The Truth about Turkey

Turkey has everybody worried. An economic or financial crisis in a major emerging country can quickly destabilize other emerging regions and send shockwaves throughout the rest of the world.

The Turkish lira has collapsed since the beginning of the year (falling 45 percent so far) and its stock exchange, measured by its main index, has lost more than 10 percent of its value, dragging down many other stocks, particularly in Europe, with it. The perception is that the main culprit is the Trump administration’s decision to punish Turkey with a doubling of the tariffs on steel and aluminum. The reality is that this silly and counterproductive trade war, though it has the potential to make things worse, is not the main problem.

One reason behind the misperception is that Turkey’s GDP was growing very healthily until recently. Last year, Turkey’s economy outperformed India and China. But what was fueling this growth was an irresponsible amount of debt denominated in foreign currency. Much of the debt was borrowed from non-Turkish European banks, whose excessive exposure to Recep Tayyip Erdogan’s authoritarian country has the potential to rattle the financial system across the European Union.

Turkey has racked up hundreds of billions of dollars in debt. It has also been printing a lot of money. Inflation hit 16 percent in July, and the government made things worse by preventing the central bank from raising interest rates because Erdogan wants to maintain his popularity now that he has redesigned the constitution to fit his own purposes, encountering a lot of resistance. The value of the lira and investor confidence in the economy was bound to collapse sooner rather than later.

Spain’s banks are the most exposed to Turkey’s debt, followed by those of France and Italy. According to the International Bank of Settlements, European banks’ total exposure to Turkish debt amounts to 130 billion US dollars, of which 83 billion involve Spanish banks. BBVA, a major international institution, invested more than 7 billion euros in one of Turkey’s largest entities in recent years and is holding Turkish bonds worth nearly 9 billion euros. About 15 percent of BBVA’s assets are in Turkey. Major banks in other countries, such as BNP Paribas or Unicredit, are also on the hook.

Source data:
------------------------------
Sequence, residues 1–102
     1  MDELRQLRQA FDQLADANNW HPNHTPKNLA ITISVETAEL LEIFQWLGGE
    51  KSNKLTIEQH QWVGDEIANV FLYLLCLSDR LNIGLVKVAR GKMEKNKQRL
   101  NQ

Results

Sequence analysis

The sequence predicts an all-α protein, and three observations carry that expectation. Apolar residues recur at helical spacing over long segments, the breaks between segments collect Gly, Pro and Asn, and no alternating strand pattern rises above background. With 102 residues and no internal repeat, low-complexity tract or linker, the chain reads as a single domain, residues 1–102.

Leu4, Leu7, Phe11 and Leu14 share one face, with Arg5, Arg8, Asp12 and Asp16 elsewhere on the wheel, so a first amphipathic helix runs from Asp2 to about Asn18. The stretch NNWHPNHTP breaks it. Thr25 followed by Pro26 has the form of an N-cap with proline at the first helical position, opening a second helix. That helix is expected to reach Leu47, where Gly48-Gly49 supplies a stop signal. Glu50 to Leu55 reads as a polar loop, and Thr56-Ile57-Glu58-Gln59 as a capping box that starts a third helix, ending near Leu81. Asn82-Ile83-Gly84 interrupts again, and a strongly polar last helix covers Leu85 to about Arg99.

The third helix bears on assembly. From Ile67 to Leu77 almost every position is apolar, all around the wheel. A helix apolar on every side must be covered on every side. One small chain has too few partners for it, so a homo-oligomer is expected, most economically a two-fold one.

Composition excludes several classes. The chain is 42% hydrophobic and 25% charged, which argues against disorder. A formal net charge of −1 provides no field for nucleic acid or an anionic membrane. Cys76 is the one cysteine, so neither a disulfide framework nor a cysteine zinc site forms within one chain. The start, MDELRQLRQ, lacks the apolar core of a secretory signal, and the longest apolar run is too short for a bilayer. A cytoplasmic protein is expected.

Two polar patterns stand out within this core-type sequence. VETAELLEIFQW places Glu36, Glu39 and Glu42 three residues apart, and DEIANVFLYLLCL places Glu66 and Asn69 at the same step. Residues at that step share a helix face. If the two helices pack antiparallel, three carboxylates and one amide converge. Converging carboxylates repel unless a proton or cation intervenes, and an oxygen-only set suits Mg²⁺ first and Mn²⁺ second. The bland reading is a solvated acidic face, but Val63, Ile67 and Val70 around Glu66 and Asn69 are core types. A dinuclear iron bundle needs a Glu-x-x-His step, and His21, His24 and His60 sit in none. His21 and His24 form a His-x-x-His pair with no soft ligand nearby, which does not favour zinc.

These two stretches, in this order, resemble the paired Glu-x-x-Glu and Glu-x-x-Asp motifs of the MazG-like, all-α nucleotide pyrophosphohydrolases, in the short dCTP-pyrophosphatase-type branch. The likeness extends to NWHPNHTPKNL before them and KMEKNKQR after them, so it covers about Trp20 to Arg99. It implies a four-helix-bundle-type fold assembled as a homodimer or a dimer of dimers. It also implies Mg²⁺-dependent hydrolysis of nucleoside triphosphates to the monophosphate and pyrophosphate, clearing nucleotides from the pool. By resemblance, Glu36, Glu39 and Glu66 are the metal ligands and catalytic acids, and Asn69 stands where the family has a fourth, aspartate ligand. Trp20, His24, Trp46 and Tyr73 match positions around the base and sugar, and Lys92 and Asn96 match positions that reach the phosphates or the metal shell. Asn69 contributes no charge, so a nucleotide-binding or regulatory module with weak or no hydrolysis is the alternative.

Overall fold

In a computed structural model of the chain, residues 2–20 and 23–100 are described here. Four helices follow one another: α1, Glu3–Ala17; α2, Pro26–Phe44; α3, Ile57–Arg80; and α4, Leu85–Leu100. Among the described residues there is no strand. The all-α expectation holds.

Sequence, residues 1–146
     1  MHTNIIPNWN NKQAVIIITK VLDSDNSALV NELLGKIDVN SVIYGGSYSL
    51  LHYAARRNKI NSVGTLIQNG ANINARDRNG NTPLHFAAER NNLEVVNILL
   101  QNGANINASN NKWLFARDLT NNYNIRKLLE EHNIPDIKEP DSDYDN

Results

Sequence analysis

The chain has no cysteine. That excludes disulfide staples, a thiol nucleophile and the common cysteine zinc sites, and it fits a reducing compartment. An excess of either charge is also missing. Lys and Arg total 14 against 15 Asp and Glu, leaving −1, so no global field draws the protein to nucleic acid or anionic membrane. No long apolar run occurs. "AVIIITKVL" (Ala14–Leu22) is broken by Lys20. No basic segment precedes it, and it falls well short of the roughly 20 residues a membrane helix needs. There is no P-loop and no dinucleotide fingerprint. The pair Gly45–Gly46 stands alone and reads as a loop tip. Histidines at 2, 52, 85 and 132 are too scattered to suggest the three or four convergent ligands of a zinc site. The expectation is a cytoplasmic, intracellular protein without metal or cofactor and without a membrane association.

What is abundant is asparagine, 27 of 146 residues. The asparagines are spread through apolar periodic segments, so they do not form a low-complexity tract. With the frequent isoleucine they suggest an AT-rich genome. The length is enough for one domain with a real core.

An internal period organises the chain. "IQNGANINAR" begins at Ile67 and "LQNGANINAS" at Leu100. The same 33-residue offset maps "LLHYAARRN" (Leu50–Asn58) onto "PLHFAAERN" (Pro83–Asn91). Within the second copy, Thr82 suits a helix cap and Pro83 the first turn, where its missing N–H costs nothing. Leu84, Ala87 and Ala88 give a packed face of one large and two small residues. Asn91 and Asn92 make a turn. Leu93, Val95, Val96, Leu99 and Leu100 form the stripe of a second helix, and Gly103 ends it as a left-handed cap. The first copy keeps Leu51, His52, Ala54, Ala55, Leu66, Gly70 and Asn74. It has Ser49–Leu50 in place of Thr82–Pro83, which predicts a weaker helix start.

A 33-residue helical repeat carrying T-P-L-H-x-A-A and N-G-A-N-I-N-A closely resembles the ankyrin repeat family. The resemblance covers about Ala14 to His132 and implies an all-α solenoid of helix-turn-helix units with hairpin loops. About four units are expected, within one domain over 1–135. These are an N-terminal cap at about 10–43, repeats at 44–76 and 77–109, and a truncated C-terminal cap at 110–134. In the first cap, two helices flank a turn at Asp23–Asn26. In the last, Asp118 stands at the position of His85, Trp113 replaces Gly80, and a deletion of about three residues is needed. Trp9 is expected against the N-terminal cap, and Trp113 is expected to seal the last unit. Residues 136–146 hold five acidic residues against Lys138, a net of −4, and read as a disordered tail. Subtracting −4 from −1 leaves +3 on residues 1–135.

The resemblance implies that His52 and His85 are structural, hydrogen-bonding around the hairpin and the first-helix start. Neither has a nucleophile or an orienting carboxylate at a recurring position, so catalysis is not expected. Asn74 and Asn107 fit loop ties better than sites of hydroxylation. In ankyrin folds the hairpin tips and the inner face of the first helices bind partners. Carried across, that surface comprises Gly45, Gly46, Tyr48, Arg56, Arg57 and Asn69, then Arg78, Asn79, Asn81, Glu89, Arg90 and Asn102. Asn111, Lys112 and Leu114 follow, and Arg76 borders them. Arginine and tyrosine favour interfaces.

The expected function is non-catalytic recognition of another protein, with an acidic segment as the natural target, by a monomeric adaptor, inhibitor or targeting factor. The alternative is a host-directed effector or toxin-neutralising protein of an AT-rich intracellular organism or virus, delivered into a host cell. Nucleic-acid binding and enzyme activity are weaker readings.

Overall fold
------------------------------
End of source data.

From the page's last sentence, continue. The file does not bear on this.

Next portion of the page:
Trump has not helped things by imposing higher tariffs on Turkish exports in retaliation for the persecution of an American pastor by Erdogan’s dictatorial administration. But the effect of the tariffs has not yet been felt. The crisis has more to do with the expectation that, in the weak financial and economic environment that Turkey has become by its own making, the trade war will have devastating consequences.

Europe has been here before. Part of its financial and economic crisis in the last decade stemmed from overborrowing by countries that consumed much more than they produced and closed their wide current account deficits with debt incurred at rates that they thought would stay low and at exchange rates that they thought would always make things easy for them. Spain was one such country.

Will Erdogan take the necessary measures to steer away from the disaster he himself has created? It’s unclear. His response to Trump’s foolish commercial hostility has been to wrap himself in the nationalist flag and make his own popularity a far greater priority than opting for the sacrifices needed.

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Alvaro Vargas Llosa is a Senior Fellow at the Independent Institute. He is the author of Global Crossings: Immigration, Civilization, and America and Liberty for Latin America: How to Undo Five Hundred Years of State Oppression.

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